Unschooling is an educational approach that’s legal in all 50 states.
It’s not to be confused with how to pleasantly coerce your child to do schoolwork, how to get your kids to do schoolwork on their own, or how to make doing schoolwork more fun.
Unschooling is about unpacking our beliefs around how learning happens, what’s good for kids and adults, and what’s really important in our lives as parents who want to raise happy, functional adults.
If you’re new to the concept of unschooling, expect it to challenge your current beliefs – perhaps a lot. Perhaps for a long time. Read about it, take the pressure off your kids for now, and settle in to observe what happens for awhile.
Unschooling is not something you learn and implement in the course of one day or week or month. It takes years to really “get it”, and it’ll be a continual exercise in expanding your trust and confidence in your child’s abilities and wisdom.
Kids often do things that make parents nervous. Instead of reacting out of fear or worry – unschooling gives you a different set of tools to approach parenting. It’s about mutual respect, collaboration, and cooperation, instead of a top-down authoritarian approach.
Modern schooling is an institution that has much more to do with teaching obedience, and dissuading questions, than actual learning or logic.
Read John Taylor Gatto’s essay The Seven-Lesson Schoolteacher to see what an award-winning New York teacher of the year has to say–and see if you agree.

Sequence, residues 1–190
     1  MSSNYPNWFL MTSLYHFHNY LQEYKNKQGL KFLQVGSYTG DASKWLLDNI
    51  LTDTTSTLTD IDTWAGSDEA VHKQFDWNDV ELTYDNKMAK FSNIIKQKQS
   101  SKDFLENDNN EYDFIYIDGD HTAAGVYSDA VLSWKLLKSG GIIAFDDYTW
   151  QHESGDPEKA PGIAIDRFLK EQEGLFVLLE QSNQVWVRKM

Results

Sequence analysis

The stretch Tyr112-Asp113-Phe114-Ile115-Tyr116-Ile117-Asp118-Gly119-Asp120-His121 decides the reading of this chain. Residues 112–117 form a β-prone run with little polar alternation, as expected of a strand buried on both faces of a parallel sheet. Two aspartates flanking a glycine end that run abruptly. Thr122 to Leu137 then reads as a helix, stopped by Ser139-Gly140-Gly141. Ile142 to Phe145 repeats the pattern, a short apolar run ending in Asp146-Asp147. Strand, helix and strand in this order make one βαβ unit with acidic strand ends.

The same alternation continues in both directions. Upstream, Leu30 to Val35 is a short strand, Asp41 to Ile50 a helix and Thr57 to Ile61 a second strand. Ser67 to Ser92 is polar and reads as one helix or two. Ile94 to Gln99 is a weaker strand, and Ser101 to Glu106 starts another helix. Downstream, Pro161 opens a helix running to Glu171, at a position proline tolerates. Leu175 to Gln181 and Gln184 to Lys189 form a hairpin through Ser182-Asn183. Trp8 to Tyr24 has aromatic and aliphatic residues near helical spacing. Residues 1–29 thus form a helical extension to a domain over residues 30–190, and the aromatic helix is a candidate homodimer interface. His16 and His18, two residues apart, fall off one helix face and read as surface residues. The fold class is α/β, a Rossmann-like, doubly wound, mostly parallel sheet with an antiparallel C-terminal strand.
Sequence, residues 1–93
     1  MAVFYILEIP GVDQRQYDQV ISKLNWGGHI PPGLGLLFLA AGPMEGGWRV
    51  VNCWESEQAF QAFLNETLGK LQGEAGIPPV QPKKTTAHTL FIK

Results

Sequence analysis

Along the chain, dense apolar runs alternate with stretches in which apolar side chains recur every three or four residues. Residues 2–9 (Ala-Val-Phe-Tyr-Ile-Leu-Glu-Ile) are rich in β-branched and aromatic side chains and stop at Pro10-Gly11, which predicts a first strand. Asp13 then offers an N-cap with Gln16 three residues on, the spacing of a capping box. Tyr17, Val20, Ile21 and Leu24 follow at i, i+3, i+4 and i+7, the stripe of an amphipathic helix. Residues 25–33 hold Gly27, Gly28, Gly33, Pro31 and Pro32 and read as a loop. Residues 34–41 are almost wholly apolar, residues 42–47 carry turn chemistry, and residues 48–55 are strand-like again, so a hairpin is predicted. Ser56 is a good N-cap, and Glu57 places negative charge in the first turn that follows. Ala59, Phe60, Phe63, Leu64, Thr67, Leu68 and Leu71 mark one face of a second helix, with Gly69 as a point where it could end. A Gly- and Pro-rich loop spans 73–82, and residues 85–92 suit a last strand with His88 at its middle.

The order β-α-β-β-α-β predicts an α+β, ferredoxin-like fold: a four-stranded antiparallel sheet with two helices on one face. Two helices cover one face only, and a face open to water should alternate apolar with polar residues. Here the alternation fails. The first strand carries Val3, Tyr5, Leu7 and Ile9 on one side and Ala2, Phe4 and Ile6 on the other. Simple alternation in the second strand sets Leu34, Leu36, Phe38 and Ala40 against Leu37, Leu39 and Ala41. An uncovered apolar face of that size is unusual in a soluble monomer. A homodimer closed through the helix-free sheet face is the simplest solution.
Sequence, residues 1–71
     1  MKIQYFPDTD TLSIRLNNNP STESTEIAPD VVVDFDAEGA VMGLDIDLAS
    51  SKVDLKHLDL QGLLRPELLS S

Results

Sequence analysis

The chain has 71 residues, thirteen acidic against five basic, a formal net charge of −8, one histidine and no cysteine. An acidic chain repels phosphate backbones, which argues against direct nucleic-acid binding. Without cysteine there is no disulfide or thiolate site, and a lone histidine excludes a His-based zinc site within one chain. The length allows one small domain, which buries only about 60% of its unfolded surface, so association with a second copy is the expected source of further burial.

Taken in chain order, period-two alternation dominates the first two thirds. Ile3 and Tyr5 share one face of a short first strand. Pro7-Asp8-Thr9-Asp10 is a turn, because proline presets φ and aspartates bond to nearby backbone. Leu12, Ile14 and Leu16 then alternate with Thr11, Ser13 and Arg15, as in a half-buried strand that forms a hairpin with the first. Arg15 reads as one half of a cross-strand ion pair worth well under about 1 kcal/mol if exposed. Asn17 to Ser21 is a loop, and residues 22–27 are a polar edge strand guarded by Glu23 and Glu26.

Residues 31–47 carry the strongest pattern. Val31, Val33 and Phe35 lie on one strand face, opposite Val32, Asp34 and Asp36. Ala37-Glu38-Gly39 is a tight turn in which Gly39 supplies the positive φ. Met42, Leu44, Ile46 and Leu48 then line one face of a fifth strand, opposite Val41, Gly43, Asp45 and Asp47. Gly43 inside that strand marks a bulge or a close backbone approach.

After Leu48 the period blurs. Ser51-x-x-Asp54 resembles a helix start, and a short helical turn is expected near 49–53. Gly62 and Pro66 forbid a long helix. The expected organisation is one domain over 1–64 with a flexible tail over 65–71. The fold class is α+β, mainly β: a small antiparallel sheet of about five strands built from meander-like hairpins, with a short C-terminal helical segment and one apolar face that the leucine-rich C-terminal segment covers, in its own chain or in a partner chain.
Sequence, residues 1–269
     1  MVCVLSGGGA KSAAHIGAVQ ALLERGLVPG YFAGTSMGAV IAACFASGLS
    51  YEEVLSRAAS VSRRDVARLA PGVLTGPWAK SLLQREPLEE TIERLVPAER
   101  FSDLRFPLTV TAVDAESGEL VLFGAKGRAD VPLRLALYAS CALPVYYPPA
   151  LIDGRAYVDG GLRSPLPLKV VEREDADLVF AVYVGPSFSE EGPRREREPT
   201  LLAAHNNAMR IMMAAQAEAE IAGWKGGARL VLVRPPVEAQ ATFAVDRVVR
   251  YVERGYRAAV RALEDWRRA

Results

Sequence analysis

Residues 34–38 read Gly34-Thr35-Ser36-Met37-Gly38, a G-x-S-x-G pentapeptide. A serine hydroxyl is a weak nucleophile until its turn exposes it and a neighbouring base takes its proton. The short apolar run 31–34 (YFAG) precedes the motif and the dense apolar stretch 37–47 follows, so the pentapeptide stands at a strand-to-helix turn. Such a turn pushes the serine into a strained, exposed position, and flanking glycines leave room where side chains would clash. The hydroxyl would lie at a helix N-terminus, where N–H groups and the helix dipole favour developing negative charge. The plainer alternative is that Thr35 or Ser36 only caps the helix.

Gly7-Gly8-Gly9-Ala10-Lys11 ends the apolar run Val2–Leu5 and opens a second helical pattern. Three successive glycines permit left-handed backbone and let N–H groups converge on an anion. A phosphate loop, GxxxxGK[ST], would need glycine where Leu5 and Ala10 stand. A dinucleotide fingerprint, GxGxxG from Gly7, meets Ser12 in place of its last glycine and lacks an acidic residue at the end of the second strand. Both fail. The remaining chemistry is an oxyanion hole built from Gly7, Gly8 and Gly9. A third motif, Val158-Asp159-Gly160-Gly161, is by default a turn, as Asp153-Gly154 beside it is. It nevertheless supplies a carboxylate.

Unschool Your Kids
Unschooling invites you to look at your child from a different perspective – to assume that your child is not an empty vessel, but that his interests and tendencies are worthwhile and educational.
Unschooling considers everything to be educational. They know that learning happens as effortlessly as breathing, without carrots and sticks, without gold stars or threats.
Learning happens best when the learner is free of arbitrary coercion.
Unschooling is not new–if you look around, you’ll find grown unschoolers who are now parents themselves. Check out the blog I’m Unschooled. Yes, I Can Write to read about one adult unschooler’s experiences.
Unschoolers tend to spend more time, not less, with their children – although that time may look very different from a traditional homeschool family’s time spent together.
Unschooling is neither parent-led nor child-led – rather, it’s cooperative, collaborative, and dynamic, ever-changing as the needs of both parent, child, and/or siblings shift. Everyone’s needs, desires, and preferences are taken seriously – instead of the parent’s (or the children’s!) always taking precedence.
Unschooling can be a life-changer, a massive paradigm shift, and an invitation to have closer, more authentic relationships within your family. It’s challenging, intense, fun, exasperating – and SO worth the effort.
Just like in the garden, you’ll see–growth and change don’t happen overnight, but they do happen.
Editor’s Note: Check out these great resources…..
Unschooling is to Trust Your Children by Katherine Meager